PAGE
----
Pontoon

Indian River Lagoon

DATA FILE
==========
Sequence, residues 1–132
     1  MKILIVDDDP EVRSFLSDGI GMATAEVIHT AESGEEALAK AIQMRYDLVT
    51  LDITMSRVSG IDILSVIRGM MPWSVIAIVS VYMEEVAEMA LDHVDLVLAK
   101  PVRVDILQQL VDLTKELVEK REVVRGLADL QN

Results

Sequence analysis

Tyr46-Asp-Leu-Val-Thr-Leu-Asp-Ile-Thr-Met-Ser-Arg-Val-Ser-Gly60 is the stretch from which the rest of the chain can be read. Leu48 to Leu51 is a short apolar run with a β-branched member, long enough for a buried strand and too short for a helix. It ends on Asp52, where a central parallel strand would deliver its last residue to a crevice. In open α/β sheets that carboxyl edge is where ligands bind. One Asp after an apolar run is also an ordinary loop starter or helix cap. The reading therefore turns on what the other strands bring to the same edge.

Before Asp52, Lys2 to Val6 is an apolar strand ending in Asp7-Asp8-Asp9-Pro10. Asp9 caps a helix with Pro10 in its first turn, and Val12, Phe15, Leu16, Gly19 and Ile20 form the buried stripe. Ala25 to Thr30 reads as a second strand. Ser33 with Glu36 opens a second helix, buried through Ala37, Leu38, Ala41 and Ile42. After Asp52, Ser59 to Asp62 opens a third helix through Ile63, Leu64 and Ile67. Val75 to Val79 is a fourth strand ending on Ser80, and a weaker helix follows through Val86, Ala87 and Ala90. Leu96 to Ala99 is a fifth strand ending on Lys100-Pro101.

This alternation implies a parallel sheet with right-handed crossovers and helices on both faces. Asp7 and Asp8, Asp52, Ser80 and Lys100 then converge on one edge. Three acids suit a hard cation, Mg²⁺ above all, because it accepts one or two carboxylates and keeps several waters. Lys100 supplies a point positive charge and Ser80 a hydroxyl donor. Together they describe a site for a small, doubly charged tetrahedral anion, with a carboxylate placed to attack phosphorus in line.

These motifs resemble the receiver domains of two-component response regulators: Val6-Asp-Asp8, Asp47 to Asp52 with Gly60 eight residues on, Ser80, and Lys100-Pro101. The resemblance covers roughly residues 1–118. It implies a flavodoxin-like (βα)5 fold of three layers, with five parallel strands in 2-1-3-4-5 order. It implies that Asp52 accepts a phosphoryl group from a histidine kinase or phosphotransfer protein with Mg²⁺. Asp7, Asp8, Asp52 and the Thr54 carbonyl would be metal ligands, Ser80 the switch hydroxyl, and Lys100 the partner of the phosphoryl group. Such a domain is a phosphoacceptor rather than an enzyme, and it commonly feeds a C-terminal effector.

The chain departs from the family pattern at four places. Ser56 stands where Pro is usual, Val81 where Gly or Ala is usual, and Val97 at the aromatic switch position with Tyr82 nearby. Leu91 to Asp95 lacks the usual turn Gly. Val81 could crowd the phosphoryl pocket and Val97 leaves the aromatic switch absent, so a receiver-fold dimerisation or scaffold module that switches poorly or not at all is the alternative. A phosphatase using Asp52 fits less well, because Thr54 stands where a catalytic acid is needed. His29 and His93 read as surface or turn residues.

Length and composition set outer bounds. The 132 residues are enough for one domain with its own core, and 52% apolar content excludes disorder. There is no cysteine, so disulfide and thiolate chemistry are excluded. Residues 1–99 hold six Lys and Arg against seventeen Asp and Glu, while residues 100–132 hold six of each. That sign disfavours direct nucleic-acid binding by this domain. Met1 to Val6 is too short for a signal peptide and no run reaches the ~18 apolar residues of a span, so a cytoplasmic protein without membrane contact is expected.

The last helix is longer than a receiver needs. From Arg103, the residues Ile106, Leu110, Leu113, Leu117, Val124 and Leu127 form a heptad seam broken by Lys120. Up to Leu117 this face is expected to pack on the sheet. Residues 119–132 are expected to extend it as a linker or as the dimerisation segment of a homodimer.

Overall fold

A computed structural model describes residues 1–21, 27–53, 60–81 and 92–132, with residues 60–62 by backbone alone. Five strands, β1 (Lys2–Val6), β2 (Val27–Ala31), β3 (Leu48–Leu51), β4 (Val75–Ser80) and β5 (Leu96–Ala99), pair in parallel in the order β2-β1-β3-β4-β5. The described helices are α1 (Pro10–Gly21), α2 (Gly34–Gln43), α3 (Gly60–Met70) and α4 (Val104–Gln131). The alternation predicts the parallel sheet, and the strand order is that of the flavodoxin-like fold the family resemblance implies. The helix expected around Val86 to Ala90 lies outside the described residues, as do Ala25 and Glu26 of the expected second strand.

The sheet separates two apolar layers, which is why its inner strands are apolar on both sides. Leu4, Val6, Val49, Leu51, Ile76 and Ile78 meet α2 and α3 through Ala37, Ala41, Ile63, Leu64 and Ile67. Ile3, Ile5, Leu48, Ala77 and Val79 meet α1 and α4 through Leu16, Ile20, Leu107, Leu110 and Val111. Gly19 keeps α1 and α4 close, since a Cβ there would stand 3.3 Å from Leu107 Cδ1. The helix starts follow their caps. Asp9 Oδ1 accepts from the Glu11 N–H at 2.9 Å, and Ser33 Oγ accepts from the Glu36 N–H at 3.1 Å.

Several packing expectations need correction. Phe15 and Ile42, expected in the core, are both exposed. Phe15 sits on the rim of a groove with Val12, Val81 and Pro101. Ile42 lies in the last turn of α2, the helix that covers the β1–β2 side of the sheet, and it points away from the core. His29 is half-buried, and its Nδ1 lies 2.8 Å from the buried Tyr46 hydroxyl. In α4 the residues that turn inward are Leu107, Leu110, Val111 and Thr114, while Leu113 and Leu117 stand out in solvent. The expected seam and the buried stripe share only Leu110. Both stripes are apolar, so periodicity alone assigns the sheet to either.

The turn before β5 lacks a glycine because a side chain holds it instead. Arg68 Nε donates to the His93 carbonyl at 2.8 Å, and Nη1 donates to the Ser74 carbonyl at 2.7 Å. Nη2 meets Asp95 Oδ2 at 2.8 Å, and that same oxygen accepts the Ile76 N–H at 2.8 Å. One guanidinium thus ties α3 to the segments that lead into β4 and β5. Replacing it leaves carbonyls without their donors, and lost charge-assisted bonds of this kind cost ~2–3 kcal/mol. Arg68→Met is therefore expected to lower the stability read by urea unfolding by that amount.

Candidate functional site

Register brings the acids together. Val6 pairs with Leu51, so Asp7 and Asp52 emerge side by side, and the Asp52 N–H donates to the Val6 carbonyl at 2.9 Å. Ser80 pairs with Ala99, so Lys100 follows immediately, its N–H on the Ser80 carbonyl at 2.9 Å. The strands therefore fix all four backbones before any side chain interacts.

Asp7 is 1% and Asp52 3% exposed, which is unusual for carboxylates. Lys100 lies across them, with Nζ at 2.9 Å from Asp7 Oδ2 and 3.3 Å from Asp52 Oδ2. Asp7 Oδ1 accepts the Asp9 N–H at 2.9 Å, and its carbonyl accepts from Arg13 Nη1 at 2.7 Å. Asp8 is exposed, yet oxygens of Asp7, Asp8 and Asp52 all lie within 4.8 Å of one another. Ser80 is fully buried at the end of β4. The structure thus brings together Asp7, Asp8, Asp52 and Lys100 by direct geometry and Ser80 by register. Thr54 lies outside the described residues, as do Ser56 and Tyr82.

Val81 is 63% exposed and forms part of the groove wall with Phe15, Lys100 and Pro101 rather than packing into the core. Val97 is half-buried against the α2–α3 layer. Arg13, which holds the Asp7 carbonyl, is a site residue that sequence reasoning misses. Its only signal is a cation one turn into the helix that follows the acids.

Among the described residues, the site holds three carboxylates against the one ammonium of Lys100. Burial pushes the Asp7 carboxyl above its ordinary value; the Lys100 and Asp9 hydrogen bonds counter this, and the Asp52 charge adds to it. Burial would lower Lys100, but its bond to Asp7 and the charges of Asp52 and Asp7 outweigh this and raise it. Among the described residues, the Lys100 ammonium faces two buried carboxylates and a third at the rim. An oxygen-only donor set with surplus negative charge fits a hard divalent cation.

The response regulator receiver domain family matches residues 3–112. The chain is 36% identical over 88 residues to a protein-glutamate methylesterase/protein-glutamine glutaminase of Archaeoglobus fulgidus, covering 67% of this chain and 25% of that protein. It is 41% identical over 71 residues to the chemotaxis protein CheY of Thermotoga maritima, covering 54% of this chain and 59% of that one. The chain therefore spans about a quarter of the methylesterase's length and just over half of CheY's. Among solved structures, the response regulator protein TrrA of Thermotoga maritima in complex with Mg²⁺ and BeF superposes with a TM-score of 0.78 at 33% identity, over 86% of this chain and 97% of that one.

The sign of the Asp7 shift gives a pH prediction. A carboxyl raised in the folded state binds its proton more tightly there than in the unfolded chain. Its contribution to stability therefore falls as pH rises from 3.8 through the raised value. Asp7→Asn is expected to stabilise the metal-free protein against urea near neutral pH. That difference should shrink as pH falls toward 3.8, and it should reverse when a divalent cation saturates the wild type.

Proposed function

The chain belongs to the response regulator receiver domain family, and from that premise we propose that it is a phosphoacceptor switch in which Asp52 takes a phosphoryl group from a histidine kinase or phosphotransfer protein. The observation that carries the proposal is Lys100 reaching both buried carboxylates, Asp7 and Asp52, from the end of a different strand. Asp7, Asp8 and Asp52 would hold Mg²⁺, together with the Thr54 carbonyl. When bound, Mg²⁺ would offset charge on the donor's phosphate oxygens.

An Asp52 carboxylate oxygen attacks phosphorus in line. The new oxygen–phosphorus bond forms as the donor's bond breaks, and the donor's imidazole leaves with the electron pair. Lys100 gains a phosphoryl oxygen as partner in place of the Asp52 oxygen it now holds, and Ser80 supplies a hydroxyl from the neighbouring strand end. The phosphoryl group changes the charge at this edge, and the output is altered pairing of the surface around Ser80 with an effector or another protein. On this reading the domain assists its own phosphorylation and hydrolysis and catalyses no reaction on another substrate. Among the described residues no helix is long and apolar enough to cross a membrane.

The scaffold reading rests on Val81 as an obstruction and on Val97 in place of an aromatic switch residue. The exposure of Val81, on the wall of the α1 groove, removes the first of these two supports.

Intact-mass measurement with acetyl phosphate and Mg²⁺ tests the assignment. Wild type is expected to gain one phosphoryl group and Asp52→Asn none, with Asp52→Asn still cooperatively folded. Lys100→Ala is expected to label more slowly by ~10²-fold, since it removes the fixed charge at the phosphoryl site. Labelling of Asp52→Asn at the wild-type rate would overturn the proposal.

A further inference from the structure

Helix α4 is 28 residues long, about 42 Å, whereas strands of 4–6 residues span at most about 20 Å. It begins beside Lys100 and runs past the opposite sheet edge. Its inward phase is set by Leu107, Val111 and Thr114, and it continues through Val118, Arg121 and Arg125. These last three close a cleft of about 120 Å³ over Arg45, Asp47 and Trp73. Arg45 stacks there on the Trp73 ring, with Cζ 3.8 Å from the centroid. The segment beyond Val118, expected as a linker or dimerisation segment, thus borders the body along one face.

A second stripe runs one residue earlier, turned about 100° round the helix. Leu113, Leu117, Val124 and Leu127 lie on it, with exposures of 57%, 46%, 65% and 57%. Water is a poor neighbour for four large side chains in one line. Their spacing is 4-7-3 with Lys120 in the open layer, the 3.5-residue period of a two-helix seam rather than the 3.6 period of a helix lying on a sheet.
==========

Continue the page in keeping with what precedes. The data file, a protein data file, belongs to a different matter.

Although the word "river" appears in its name, the Indian River Lagoon is not a river in any sense of the term. A river, by definition, has headwaters and flows to a mouth. The Indian River Lagoon has no headwaters, has no mouth, and when it does "flow," it often flows in many different directions depending on winds, tides, and several other factors. The Indian River Lagoon is an estuary, a body of water where freshwater draining from the land mixes with the ocean’s salt water. The result is an environment teeming with plant and animal life. The Indian River Lagoon is a special type of estuary called a lagoon, a body of water separated from the ocean by barrier islands, with limited exchange with the ocean through inlets. The Indian River Lagoon is North America’s most diverse estuary with more than 2,200 different species of animals and 2,100 species of plants. The lagoon extends about 150 miles through five coastal counties along Florida’s Atlantic coast, from Ponce De Leon Inlet to Jupiter Inlet. Popular as a recreation area, the Lagoon comprises three major water bodies; Mosquito Lagoon, Banana River, and the Indian River Lagoon proper. The Lagoon varies in width from ½ mile to 5 miles and averages only 3 feet in depth. It serves as a spawning and nursery ground for many different species of oceanic and lagoon fish and shellfish. The lagoon also has one of the most diverse bird populations anywhere in America. Nearly 1/3 of the nation’s manatee population lives here or migrates through the Lagoon seasonally. In addition, its ocean beaches provide one of the densest sea turtle nesting areas found in the Western Hemisphere. Nearly 1 million people live and work in the Indian River Lagoon region, attracted here by the mild climate and the resources of the Lagoon. The Lagoon accounts for $300 million in fisheries revenues, includes a world-renowned $2.1 billion citrus industry, and generates more than $300 million in boat and marine sales annually. The Lagoon contains five state parks, four federal wildlife refuges and a national seashore. These protected water support threatened and endangered species, and provide recreational areas. All of these factors make the Indian River Lagoon a unique resource